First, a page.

There were more vegetables than meat. I watched the girl making my sandwich one day and I noticed she was putting half the meat with the peppers and onions than I was used to. I thought this might just be a new employee and after a not so enjoyable experience with a “vegetable sandwich” I went back a month later and there was even LESS meat and the PRICE went up!!!! It appeared they were using what they once used for one steak sandwich to now make 3 sandwiches. Where the meat was once the main ingredient, it was now pretty much used for seasoning the sandwich like Lawry’s. I never went back and I noticed there was no crowd the last few times I was there and people stopped talking about Scottie’s like they used to.

On the other hand…Bocce’s Pizza

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Bocce’s website states:
Bocce’s Pizza is one of the oldest and best-known pizzerias in Buffalo, NY. Since 1946, we’ve been proudly serving our customers some of the best-tasting food in Western New York. Our fresh pizza is still made with the same sauce recipe used back in the 1940’s.

Our delicious food has touched so many lives throughout the years that we are sought out by many who had to leave the Buffalo area. We get phone calls and have customers come in all the time requesting a half-baked pizza or wings to take home to share with their new friends and family across the country.

Stop by or call today for an Original Bocce’s Pizza and let us create a delicious memory for you!EXACT same ingredients and the same amount of ingredients that they have been using since they opened in 1946. They didn’t go from 50 pepperonis to 3 and the cheese and the bread and the sauce have never changed. No matter who works there, they are taught to make the pizza the same way and they do. Bocce’s Pizza is STILL around today and STILL successful in Buffalo and beyond because they KNEW what the customers loved about them and they never wavered in an effort to cut costs or make extra profit.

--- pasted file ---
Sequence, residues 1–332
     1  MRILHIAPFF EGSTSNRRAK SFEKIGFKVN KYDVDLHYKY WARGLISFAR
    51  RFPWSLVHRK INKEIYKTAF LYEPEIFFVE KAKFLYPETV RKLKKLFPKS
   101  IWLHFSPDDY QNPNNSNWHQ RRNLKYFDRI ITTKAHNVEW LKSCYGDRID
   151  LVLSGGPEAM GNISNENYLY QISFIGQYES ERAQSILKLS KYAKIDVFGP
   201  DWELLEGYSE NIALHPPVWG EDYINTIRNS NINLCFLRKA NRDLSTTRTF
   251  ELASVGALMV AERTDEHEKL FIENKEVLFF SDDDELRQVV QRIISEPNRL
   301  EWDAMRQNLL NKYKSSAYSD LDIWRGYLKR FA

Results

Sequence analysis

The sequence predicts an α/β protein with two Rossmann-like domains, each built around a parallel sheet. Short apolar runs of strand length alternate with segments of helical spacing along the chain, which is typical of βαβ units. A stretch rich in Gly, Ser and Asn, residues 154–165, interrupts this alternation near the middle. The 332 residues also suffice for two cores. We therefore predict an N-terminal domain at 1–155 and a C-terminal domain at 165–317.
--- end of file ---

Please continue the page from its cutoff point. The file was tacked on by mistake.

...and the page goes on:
People would have paid their rent for that pizza as long as it tasted the same. I KNOW MANY people, including myself who order that Pizza is expressed or when they go to Buffalo to visit they bring it back with them. I even have one childhood friend who is a Vice President at a University who can only tolerate Buffalo for 1 day per visit, but she loves Bocce’s and she makes sure she gets two large Bocce’s pizza’s before she leaves and she brings a separate suitcase for her pizzas, takes them home and freezes them and enjoys them for the next month. We laugh about her process but she loves that pizza. If you want to know the whole story about how Bocce’s got started, go here.

The overall point here is to be the MOST successful in business you must:

  • LOVE what you DO…FIRST.
  • Understand AND be a part of the culture that you are serving
  • Don’t sell your customers short or try to blindside their senses (in this case taste buds)
  • It’s better to charge MORE than to give less (and have the nerve to charge more)
  • Always be loyal to why you are successful and use that to GROW other products for your customers
  • The demand remains high as long as your brand remains loyal and you remain trustworthy

My best in business

Kevin "KevRoss" Ross is a music and radio industry expert. He is a 20 -plus year entrepreneur with the leading most successful industry trade publication and site Radio Facts (www.radiofacts.com). He has also published various books, magazines, performed marketing and promotions for major corporations and recording artists and he is on the advisory board of several industry organizations. This year Ross introduced his non profit organization LOMARI (Leaders of the Music and Recording Industry) to help teach young minority students how to market and manage their music and products.